While married to Faye, Glenn pursued his second career, making an entry into the music business. He became a producer and publisher of country and western music. This endeavor provided opportunities for Faye and Glenn to travel to places like Nashville and Los Angeles to enjoy musical performances. Glenn took a particularly sweet satisfaction in travelling to US cities and staying in hotels that he had built.
Glenn had learned a lot about the hotel business while building hotels. One story that he told us demonstrates the value of such knowledge when combined with his charming manner.
Glenn knew that every high-end hotel would have a suite permanently reserved in the event the President or a V.I.P. would unexpectedly come by. With this in mind, on the odd occasion when the hotel where he and Faye wanted to stay was "fully booked," they would come late to the hotel, elegantly dressed, without a reservation. Glenn would speak to the manager, saying "It is 11:00 pm at night and I know you keep a suite set aside for the President. I don't think there is much chance of the President needing that room tonight, so how about you make a small exception and give it to us." Inevitably Faye and Glenn would end up enjoying luxury accommodations in the Presidential Suite at a nominal charge, with the manager feeling pleased at the opportunity to accommodate a sophisticated patron.
For a time, Faye and Glenn decided to make their travels more permanent, moving away from Edmonton to find a more ideal place for their retirement years. Glenn especially enjoyed their time back in his original home country, the USA, when he and Faye spent many months living in Laughlin, Nevada. However, they eventually felt compelled to be closer to family and returned to the Edmonton area.
Glenn initially distinguished himself by moving from success to success in his careers. He would later add to these distinctions by demonstrating how bravely he would face hardship. In the mid-2000s Glenn was struck with a life-threatening illness. Many would have perished, but while the prognosis was bleak, the depth of Glenn's resilience enabled him to fight his way back to health.
Unfortunately, a decade later Glenn was again struck down by a severe illness.
We flew up to Edmonton in December 2016 to visit Glenn during his lengthy hospital stay. This visit brings to mind the saying that adversity reveals character. Notwithstanding his prolonged illness and the pain and fear that naturally follow, Glenn remained in good spirits. His medical team loved him because regardless of his own discomfort, he never had a harsh word for anyone, but always acted as the ultimate gentleman. Glenn again showed himself to be a fighter, not succumbing to his sickness as others would have done. While he became well enough to be released from critical care in 2017, he needed more help than Faye could offer.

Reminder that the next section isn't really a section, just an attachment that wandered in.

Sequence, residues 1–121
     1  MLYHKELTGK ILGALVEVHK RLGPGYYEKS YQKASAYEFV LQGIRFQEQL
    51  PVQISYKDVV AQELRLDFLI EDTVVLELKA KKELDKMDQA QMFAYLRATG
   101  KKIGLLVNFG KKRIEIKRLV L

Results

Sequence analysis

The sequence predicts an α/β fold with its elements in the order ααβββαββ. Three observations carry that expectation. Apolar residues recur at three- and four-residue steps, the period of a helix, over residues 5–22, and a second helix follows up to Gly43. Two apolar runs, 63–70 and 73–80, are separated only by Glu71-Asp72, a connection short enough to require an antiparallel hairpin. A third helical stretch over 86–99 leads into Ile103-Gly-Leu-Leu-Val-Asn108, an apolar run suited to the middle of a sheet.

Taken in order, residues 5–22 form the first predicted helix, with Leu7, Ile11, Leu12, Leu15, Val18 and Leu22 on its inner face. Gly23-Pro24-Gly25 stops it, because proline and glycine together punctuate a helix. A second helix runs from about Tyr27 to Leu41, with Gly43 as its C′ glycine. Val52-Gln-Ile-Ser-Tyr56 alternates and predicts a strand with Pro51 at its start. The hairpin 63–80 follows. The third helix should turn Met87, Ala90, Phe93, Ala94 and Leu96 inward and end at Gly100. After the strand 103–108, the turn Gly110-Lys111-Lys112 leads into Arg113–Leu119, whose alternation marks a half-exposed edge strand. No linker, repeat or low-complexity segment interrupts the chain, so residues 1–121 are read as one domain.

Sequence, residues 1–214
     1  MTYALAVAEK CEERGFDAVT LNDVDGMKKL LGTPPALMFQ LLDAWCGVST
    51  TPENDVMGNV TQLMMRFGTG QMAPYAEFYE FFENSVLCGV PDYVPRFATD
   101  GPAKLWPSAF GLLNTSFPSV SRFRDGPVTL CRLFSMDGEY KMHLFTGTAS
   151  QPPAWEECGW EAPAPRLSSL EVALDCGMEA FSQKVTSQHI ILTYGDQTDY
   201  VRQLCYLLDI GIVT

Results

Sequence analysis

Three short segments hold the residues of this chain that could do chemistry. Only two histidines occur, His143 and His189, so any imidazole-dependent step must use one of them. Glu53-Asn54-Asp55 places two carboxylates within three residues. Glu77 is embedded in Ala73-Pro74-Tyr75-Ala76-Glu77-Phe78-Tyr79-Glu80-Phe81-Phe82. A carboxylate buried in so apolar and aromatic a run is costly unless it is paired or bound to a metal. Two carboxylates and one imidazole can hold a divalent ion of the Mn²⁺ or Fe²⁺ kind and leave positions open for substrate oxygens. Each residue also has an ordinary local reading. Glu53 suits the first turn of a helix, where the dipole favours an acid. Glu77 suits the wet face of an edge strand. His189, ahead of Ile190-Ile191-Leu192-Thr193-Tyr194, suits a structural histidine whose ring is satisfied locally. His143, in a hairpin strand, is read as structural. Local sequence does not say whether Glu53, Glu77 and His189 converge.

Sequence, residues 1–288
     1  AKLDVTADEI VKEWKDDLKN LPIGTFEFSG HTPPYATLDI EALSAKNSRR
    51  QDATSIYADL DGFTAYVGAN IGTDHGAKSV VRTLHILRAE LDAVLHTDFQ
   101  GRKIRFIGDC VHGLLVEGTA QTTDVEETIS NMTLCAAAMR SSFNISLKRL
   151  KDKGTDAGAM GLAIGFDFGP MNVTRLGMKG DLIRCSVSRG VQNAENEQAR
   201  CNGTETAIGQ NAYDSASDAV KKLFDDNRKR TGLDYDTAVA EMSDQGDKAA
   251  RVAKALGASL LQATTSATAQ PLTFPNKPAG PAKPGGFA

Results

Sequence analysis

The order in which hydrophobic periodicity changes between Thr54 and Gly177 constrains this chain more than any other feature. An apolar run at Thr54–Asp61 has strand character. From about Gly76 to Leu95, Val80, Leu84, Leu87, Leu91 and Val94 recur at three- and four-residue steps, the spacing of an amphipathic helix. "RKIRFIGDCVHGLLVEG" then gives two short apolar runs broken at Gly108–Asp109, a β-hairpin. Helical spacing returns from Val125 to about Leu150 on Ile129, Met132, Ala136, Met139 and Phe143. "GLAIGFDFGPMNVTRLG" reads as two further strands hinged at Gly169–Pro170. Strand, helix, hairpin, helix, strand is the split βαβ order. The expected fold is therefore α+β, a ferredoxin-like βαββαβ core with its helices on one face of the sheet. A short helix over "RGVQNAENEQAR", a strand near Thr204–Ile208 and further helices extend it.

Faye and Glenn were distressed at having to be separated, but Faye continued to visit Glenn regularly from the time of his discharge to a care facility in early 2017 until the COVID-19 shutdown in March of this year. While during the shutdown Faye and others continued to maintain contact with Glenn by phone, it was very hard on him. He was deprived of the companionship of others — so important for such a gregarious person.
Most people who age and undergo major health challenges lose their mental acuity. But not Glenn. He had a memory like an elephant and up until we last chatted with him by phone days before he died, he was an amusing conversationalist. He led a long and rich life and was quick to delve into his past and bring up a new story to tell. Glenn liked to joke, he liked to be teased, and he loved to laugh.
We felt particularly blessed as we got to know him even better over the last year. His telephone conversations with us were never boring. Each time we spoke he shared something we had not known about his life story.
We will always honor Glenn's memory as a person who had an unwavering enthusiasm for life, even when faced with misfortune. He was a person who enjoyed what he did, and always excelled at what he pursued. Although Glenn was not able to be surrounded by his living family members while he died, we believe that his dear sister came to guide him to the other side. It is synchronicity that Glenn died on the one-year anniversary of the death of his sister, Corrine.
It is most unfortunate that in this time of COVID restrictions we cannot gather with the family to celebrate Glenn's life. However, together the two of us sat outside on this sunny day in Denver, a city Glenn so enjoyed, surrounded by flowers and listening to the soothing sound of our fountain, remembering Glenn. We have laughed and cried together while writing this memorial. We will sorely miss you, Glenn.
Wayne and Terry-Dawn